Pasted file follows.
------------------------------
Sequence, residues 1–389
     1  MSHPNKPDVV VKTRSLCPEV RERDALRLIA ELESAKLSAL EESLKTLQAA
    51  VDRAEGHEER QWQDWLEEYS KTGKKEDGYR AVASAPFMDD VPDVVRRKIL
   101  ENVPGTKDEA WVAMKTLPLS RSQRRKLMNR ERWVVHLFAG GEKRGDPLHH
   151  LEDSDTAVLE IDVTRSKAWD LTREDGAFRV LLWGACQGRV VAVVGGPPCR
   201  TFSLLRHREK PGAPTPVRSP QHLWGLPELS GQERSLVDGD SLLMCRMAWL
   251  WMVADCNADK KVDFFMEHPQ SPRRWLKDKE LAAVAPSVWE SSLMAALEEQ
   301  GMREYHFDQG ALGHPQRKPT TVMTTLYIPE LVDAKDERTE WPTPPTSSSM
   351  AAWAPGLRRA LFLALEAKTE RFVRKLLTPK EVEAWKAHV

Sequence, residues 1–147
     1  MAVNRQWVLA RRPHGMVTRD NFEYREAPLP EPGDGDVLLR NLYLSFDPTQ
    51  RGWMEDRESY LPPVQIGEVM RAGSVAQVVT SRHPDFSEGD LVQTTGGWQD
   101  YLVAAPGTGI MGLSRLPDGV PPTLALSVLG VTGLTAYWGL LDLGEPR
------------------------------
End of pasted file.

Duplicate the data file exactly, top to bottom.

Sequence, residues 1–389
     1  MSHPNKPDVV VKTRSLCPEV RERDALRLIA ELESAKLSAL EESLKTLQAA
    51  VDRAEGHEER QWQDWLEEYS KTGKKEDGYR AVASAPFMDD VPDVVRRKIL
   101  ENVPGTKDEA WVAMKTLPLS RSQRRKLMNR ERWVVHLFAG GEKRGDPLHH
   151  LEDSDTAVLE IDVTRSKAWD LTREDGAFRV LLWGACQGRV VAVVGGPPCR
   201  TFSLLRHREK PGAPTPVRSP QHLWGLPELS GQERSLVDGD SLLMCRMAWL
   251  WMVADCNADK KVDFFMEHPQ SPRRWLKDKE LAAVAPSVWE SSLMAALEEQ
   301  GMREYHFDQG ALGHPQRKPT TVMTTLYIPE LVDAKDERTE WPTPPTSSSM
   351  AAWAPGLRRA LFLALEAKTE RFVRKLLTPK EVEAWKAHV

Sequence, residues 1–147
     1  MAVNRQWVLA RRPHGMVTRD NFEYREAPLP EPGDGDVLLR NLYLSFDPTQ
    51  RGWMEDRESY LPPVQIGEVM RAGSVAQVVT SRHPDFSEGD LVQTTGGWQD
   101  YLVAAPGTGI MGLSRLPDGV PPTLALSVLG VTGLTAYWGL LDLGEPR